Where the verdict awards excessive damages, a new trial should be granted, unless plaintiff consents to a remittitur reducing the amount to a reasonable sum.
Law"":Actlon bY:MatHer against Mit6fieltfor 'personal in.received in an elevatQr " :Verdict for plamtlff. Motion for a new trIal. Granted, lililess plaint.to:consent to a reprlttitur. '" ' " ' ,
w,n. Jackson, for plaintiff.
O. D.Robertson and Ohas. T. Greve, for defendant.
by-the colU"t; on the ground that it was against the weight of the eviden,c¢. A second ,trial has resulted in a verdict for $2,250. A motion, is now made.for a new trial on three gro1lD.ds:First. That the charged the jury, with reference to Mitchell's obligation in ru;IlJling an elevator for the use of his tenants and their visitors, that it was his duty to use reasonable care, under the ciroumstances, to presel'Ve their lives and limbs, and that reasonable care, in view of the fact that passengers put themselves completely within the control of Mitchell and his employes while on the elevator, required a very high degree of care; "the highest degree of care consistent with the possibility of injury." Second. A new trial is asked on the ground that the court charged, the jury that Mitchell was obliged to employ a careful and skilled elevator man, and that the standard fixed for the due care of an elevator man was that care which the jllry would expect as reasonable from a careful and skilled f'levator man. Third. It is said that the damages are excessive. On the first point I am of opinion that the language used by the court was not fortunate. The highest degree of care consistent with the possibility of injury is rather a bUDd expression, but it seems to me that it was sufficiently explained by the context in the charge, and that it did not, therefore, mislead the jury. "Oonsistent with the possibility of injury," as ,thus explained, meant "commensurate with or proportionate to the possibility of injury in the use of the elevator." 'l'he theory of the conrt was that the liability of Mitchell in the running of a passenger elevator was the same as that of a common carrier, and the standard for a common carrier is the highest degree of care which human foresight can suggest. This view is sustained by the case of GoodSell v. Taylor, a decision of the supreme court of Minnesota, reported in 42 N. W. Rep. 873, and by the case of Treadwell v. Whittier, a decision of the supreme court of Oalifornia, reported in 22 Pac. Rep. 266. It is contended that such a rule applies to the machinery used, but does not apply to the conduct of the employes of a common carrier. No case has been cited which makes this distinction. On the contrary, the opinion of the supreme court of the United States in Stokes v. Saltonstall, 13 Pet. 181, considered in connection with the facts of that case, seems to refute the contention. Secondly. I think it should be, and is, the rule of law that, where a person undertakes to run an elevator which is to carry passengers who intrust their bodies entirely to his care and control, he shall provide careful and skilled operatives to discharge the obligation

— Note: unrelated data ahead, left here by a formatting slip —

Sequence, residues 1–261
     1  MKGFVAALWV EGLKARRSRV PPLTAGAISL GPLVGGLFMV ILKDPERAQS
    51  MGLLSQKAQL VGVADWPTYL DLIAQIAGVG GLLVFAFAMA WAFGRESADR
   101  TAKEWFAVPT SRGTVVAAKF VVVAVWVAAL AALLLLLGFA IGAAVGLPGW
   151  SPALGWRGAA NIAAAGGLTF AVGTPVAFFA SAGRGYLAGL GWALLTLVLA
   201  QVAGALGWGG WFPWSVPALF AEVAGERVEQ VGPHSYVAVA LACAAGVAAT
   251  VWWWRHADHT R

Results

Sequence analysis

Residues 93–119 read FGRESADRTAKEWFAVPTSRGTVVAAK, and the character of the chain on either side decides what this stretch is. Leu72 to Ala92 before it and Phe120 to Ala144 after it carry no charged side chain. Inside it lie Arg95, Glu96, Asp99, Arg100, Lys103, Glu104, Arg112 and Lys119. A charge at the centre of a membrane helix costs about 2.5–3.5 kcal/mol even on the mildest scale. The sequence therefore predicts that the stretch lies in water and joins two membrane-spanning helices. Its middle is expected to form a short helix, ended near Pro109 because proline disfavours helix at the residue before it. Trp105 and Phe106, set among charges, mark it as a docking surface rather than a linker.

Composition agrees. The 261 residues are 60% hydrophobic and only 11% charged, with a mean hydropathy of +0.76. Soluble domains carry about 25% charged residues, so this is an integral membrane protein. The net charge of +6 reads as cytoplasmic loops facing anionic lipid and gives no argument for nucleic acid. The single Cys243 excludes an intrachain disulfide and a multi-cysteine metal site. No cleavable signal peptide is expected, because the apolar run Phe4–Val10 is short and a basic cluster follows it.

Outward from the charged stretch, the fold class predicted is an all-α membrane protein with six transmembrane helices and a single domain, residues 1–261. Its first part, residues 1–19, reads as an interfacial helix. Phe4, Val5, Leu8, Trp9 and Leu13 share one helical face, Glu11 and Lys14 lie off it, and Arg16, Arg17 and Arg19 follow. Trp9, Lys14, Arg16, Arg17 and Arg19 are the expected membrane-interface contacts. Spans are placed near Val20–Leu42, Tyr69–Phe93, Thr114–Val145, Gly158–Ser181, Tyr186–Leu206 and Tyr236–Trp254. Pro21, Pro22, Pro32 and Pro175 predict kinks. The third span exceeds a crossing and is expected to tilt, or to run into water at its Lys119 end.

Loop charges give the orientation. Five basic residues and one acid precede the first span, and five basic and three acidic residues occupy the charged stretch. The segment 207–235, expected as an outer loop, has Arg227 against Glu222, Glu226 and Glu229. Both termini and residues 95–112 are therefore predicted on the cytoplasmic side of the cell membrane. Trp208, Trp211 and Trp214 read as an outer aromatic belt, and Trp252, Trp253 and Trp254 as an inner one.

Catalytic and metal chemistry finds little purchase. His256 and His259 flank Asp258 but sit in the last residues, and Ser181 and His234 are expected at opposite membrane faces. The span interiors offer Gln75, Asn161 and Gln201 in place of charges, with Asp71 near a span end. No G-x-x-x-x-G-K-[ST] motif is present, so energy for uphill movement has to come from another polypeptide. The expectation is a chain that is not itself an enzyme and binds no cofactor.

lrjal 'resulted, in a \Terdict for the defendant,and was set aside
TAfT, Oircuit Judge. This case has been twice tried, The first
H.M. GOULDING fl. HAMMOND.
thus assumed. I therefore think tb&t the court properly defined the standard of due care for the elevator man. Finally, as to the' ques:t;ion of damages. I believe that the damages l1fe too great. It seems clear to me from the evidence that the injury does not justify the amount of the verdict. For that reason I shall grant a new trial, unless the plaintiff will .consent to a remittitur of enough to reduce the verdict to $1,500; otherwise the motion for a: new trial will be granted.
W.& H. M. GOULDING, Limited, v. HAMMOND et at (Circuit Court of Appeals, Fifth Circuit. February 6, 1893.) No. 521. WRIT OF ERROR-REVIEW-DECISIONS OF LAW AND FACT. WhtJre all evidence ab to a contract is in the shape of letters and tel-
egrams, and by agreement of counsel all questions as to the construction tMreof are submitted to the court, which Instructs the jury to return a verdict, such instruction must be cousidered as entirely upon the CIlDf'truction of the contract as 11 question of law, and is sub,ject to review like any ruling upon questions of law; and the proceeding Is not the same as a trial by the court under Rev. St. § 700. Plaintiffs"having the option to require delivery any time from June 1st to September 30th of It cargo of phosphate rock sold by defendants, on Au· gust 21st wired defendants to "please extend time for delivery ot rock until November 1st. Telegraph reply." Held, that this was only It request to allow plaintiffs the option of taking the cargo in October, and did not give defendants reasonable grounds to believe that plaintiffs intended to abandon their lights under the original contract to require delivery fore the end of September. 49 Fed. Rep. 443, reversed.
The word "extend" means "to enlarge, prolong, expand, stretch out," and is not synonymous With ''postpone,'' which means "to deter, to put off, to place atter or beyond something else." 'Where the plaintiff makes a proposal by telegram, with request to reo ply by telegram, and the detendant replies by a telegram which contains no acceptance ot the proposal, but a new proposal, and no notice that a letter is to be written, the plaintlfl may treat his proposal as rejected, although a letter subsequently arrives accepting plaintlfl's proposal
SAME-PROPOSAL BY TELEGRAM-ACCEPTANCE.
In Error to the Circuit Oourt of the United States for the Eastern Division of the Southern District of Georgia. Action by W. & H.M. Goulding, Limited, against Hammond, Hull & Co. for breach of contract. The circuit court gave judgment for defendants. 49 Fed. Rep. 443. Plaintiffs bring error. Reversed. Statement by LOCKE, District Judge:
The plaintiffs, residing and doing business in the city ot DUblin, Ireland, through T. V. Kessler, their agent at Baltimore, made a contract With the deteIldants, Hammond, Hull & Co., of Savannah, Ga., as tollows: "Savannah, Ga., 28th of May, 1889. "Sold to MesSrs. W. & H. Y. Goulding, (T. V. Kessler, Agt.,) of Dublin, Ireland, for accolll1t of Messrs. Hammond, Hull & Co., a steamltr cargo kiln· dried river phospate rock, as follows: '